The major domestic equity indexes ended last week narrowly mixed. A drop on Friday erased gains for the Dow and the S&P MidCap 400, while the tech-heavy Nasdaq and small-cap Russell 2000 indexes were able to remain in positive territory. The S&P 500 was virtually unchanged. The Nasdaq, S&P MidCap 400, and Russell 2000 all managed to set new record highs during the week before falling back Friday. Within the S&P 500, consumer discretionary and utilities stocks performed best, while energy, financials, materials, and industrials shares recorded steep losses.
Stock prices fluctuated within a small band for most of the week — a notable contrast to the volatility of recent months — as traders seemed largely unmoved by a series of important macroeconomic events and data. In particular, the summit between North Korea and the U.S., which resulted in a televised signing ceremony on Monday, seemed to have little impact on markets, perhaps because the details of North Korea’s promised denuclearization remain unknown or undetermined.
Stocks had a larger reaction to the Federal Reserve’s policy meeting on Wednesday. Fed officials decided to raise the federal funds rate by another 25bp, as expected, but stocks fell after policymakers offered a slightly more hawkish outlook. According to the Fed’s “dot-plot” survey of individual policymaker’s rate expectations, one more official now expects a total of four rate hikes in 2018, rather than three. Disquiet over the prospect of a faster pace of rate hikes in the U.S. may have been offset by a somewhat more dovish tone from the European Central Bank during the week. The Fed’s change in tone had more of an impact on emerging markets.
The week’s economic data was generally positive, which may have assuaged rate concerns. On Tuesday, the Labor Department reported that headline inflation in May had reached 2.8 percent on a year-over-year basis, its highest level since 2011. The rise in oil prices deserved much of the blame, however, and core inflation (less food and energy costs) remained roughly in line with the Fed’s target. Retail sales data delivered more of an upside surprise. Core retail sales (excluding sales at automotive dealers, building materials stores, and gas stations) rose 0.6 percent in May, while previous months were revised higher. Spending increases have been running ahead of income gains in recent months, causing a pickup in the use of credit and a decline in the savings rate.
Traders had a bigger reaction to international trade news on Friday. The Trump administration announced that it was following through with an earlier threat to impose tariffs on imports of $50 billion worth of goods from China, which came on the top of earlier announced steel and aluminum tariffs. China quickly promised to respond with its own tariffs on a similar scale, which seemed to take a large toll on materials and industrials shares. Notably, the producer price index rose 0.5 percent in May as large jumps in prices for steel and aluminum impacted the reading. The yield on the benchmark 10-year U.S. Treasury note briefly broke through the 3 percent threshold following the Fed meeting but ended slightly lower for the week.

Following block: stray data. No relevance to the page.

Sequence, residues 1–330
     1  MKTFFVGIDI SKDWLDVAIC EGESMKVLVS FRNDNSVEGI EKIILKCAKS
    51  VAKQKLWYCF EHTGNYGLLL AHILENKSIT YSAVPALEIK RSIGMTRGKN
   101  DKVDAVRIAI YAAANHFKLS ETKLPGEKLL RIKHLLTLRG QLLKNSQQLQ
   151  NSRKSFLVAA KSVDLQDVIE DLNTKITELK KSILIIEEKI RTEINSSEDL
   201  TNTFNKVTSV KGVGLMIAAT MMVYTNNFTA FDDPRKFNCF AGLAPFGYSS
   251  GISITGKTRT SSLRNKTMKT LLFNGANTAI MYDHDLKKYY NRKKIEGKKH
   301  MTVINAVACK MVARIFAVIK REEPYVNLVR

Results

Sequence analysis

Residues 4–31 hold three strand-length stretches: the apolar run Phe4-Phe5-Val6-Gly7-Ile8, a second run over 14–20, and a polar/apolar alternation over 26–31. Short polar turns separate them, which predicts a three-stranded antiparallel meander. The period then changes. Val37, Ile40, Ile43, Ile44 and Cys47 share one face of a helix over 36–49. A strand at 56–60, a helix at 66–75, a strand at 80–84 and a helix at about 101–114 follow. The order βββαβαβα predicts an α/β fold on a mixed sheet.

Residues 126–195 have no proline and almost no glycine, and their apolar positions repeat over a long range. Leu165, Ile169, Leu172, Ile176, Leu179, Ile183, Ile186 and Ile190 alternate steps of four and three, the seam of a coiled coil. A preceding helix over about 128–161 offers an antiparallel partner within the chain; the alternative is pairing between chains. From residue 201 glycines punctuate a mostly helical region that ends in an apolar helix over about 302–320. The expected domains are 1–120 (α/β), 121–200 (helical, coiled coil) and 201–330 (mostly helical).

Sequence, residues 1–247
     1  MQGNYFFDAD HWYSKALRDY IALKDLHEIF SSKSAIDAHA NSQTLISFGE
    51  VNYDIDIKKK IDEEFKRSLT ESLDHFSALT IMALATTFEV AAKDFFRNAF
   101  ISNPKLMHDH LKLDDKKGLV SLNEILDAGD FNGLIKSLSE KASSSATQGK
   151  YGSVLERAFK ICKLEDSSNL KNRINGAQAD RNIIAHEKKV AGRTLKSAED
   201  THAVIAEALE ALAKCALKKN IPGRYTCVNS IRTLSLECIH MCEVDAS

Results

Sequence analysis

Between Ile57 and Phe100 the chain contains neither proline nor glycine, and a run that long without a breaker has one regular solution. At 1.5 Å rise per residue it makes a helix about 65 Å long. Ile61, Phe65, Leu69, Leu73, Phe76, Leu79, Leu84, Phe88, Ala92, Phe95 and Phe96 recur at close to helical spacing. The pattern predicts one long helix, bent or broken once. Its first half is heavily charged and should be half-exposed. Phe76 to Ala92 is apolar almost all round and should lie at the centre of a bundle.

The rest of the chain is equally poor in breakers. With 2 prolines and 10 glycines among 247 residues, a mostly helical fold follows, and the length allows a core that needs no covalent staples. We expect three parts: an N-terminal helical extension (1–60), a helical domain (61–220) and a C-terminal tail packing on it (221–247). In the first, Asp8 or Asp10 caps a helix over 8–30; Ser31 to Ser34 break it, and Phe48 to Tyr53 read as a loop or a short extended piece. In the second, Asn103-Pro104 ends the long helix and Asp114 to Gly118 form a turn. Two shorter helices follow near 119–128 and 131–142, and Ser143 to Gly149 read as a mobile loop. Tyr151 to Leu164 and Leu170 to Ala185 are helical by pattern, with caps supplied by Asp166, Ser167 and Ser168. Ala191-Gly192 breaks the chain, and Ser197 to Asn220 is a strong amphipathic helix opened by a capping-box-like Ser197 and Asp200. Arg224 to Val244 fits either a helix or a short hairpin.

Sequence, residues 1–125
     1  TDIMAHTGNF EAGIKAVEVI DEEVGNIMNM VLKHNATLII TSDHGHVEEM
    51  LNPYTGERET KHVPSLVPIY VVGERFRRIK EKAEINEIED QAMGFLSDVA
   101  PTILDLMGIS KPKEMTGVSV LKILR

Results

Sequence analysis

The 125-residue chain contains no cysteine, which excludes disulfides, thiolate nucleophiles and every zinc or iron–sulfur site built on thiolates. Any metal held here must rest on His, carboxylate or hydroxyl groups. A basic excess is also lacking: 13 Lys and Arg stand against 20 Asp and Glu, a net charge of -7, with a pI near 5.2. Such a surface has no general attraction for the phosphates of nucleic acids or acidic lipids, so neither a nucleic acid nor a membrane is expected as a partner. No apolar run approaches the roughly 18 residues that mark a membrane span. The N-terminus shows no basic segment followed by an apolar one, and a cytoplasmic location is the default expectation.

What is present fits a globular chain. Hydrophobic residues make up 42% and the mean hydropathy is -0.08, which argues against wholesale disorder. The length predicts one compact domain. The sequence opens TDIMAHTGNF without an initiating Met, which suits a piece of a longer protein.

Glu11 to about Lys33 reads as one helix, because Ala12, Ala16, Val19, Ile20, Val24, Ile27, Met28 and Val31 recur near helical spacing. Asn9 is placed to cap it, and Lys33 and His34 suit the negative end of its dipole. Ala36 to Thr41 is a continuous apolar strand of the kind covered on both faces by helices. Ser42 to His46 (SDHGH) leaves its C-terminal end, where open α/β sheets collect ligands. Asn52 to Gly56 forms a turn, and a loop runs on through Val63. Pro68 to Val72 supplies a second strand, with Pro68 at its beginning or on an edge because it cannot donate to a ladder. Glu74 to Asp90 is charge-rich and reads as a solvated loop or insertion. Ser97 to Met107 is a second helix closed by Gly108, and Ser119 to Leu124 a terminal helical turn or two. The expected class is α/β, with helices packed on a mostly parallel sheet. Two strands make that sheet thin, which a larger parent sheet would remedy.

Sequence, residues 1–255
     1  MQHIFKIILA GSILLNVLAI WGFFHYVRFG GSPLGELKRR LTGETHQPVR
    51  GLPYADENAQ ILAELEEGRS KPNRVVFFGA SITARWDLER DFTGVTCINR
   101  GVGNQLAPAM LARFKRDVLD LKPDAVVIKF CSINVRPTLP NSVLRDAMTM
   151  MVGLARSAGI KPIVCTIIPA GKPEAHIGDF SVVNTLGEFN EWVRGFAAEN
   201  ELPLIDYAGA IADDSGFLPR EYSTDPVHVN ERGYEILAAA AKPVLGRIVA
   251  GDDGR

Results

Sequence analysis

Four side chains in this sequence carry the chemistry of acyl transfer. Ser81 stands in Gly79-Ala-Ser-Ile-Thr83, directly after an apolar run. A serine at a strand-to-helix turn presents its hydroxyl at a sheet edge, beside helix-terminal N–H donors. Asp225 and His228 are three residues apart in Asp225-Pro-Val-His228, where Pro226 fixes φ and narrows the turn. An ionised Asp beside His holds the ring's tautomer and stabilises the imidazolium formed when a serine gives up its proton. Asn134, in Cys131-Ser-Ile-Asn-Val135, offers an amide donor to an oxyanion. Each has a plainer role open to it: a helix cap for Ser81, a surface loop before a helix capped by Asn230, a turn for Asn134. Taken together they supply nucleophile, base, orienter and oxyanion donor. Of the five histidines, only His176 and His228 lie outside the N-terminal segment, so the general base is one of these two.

Most European markets closed last week higher, boosted early in the week by bank, mining, and energy shares. Volumes were generally muted as traders apparently awaited news from the planned ECB meeting. The pan-European STOXX 600 finished nearly 2 percent higher, logging its biggest daily gain since last April, according to FactSet data, aided in part by a tumbling euro. By the end of the week, most key indexes lost ground as investors’ concerns about the escalating trade dispute between the U.S. and China intensified. The UK blue chip FTSE index ended the week flat.
In Asia, large-cap Japanese stocks posted gains, but small-caps edged lower. In China, the benchmark stock index ended last week at a its lowest level since September 2016, as traders fretted that the widening trade rift with the U.S. would weigh on the country’s growth. For the week, the benchmark Shanghai Composite Index shed 1.5 percent, its fourth weekly decline, while the large-cap CSI300 Index declined 0.7 percent. The declines in China came hours before the Trump administration announced that it approved tariffs on Chinese goods worth about $50 billion. Additionally, the U.S. has nearly completed a second list of tariffs on $100 billion in Chinese goods, Reuters reported on Friday.